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Debra Littlejohn Shinder

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Does the net stifle or promote creativity? Some commentators have claimed that web-surfing is just the modern equivalent of watching TV, that the couch potato has merely been replaced by the mouse potato. Is it true? Are those who inhabit cyberspace turning into brain-dead netheads, dependent upon technology to entertain them?

Certainly there are visual commonalties between the "flaming, dancing icons" of today's cutting edge Javascripted, Hyperactive-X web pages and the visual appearance of modern sound-bytten, special effects driven commercial television programming. But once you get past the surface, how alike are the two activities, actually?

Parents who were so proud when little Johnny gave up The Simpsons to "work" on his computer may have come to wonder if they were deluding themselves after all. Believing their child's interests had evolved to a more intellectual plane, they may have been a bit disappointed to find that when he plops down at the keyboard each night, he's signing on to the official Beavis and Butthead site or staying up past his bedtime to learn new, exotic slang words from his Australian buddies on the IRC chat channel.

According to some recent studies, those in certain demographic categories are spending considerably less time watching TV, and that fact correlates with the increased amount of time spent staring at a monitor screen instead. As computer prices continue to fall to within reach of more and more households, the trend is likely to continue. The question: is this really an improvement, or just more of the same basic behavior, disguised as something new?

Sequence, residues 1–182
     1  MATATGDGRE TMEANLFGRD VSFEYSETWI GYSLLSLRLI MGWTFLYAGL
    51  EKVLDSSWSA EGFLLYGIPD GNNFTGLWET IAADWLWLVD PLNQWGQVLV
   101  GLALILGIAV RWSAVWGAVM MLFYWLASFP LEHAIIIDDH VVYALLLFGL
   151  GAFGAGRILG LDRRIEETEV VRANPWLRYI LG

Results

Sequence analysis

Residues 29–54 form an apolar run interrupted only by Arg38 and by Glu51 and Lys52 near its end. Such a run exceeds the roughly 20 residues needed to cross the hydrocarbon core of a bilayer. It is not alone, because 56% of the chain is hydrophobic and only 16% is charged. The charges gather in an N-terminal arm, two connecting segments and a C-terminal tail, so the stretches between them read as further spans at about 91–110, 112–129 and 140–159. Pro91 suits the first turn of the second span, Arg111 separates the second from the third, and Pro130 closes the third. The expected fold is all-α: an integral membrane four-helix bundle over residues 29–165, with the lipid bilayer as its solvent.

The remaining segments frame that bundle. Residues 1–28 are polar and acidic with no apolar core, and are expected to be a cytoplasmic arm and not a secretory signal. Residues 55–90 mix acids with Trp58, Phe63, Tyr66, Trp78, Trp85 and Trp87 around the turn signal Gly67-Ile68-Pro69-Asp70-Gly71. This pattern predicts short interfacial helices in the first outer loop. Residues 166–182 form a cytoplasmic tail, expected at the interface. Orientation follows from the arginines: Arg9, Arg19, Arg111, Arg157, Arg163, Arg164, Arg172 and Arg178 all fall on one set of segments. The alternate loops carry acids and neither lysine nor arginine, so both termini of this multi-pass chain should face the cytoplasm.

In looking for answers, let's consider first the impact that television has had on our society over the years. The Ozzie and Harriet TV land that we in our forties remember has given way (as has the world off-screen) to something very different.

There are those who would say that TV has caused the crumbling of morals in the western world, but deeper reflection leads one to the more probable conclusion that the crumbling of morals has caused the devolution of programming content. Still, if television reflects the values and mores of the times, popular programs today make what is to some a troubling -- even frightening -- statement.

Not so many years ago, camera views of Elvis Presley's lower body were banned to protect viewers from the sight of his gyrating pelvis. The Rolling Stones' song, "Let's Spend the Night Together" was widely censored, considered too racy for primetime audiences. Today, however, it seems almost anything goes: partial nudity, sexual innuendo of every variety, and all but a small handful of words are commonplace on broadcast TV -- and never mind what you can hear and see these days on cable programming. Now they say that everything we want to see (and sometimes don't want to see) is printed, played and broadcast in the name of creative license and artistic freedom and (at least in these United States) first amendment rights; how can we argue with that?

Then along comes the Internet. Suddenly it's no longer necessary to have large amounts of money and/or a generous backer in order to publish your opinions, art, or just plain drivel to a world-wide audience.

Now those who once just sat and watched the creations of others can create their own "shows." And it can be done relatively easily, inexpensively, and in the comfort of one's own home. Of course, the corollary of that privilege is some sacrifice in quality, but who's to judge?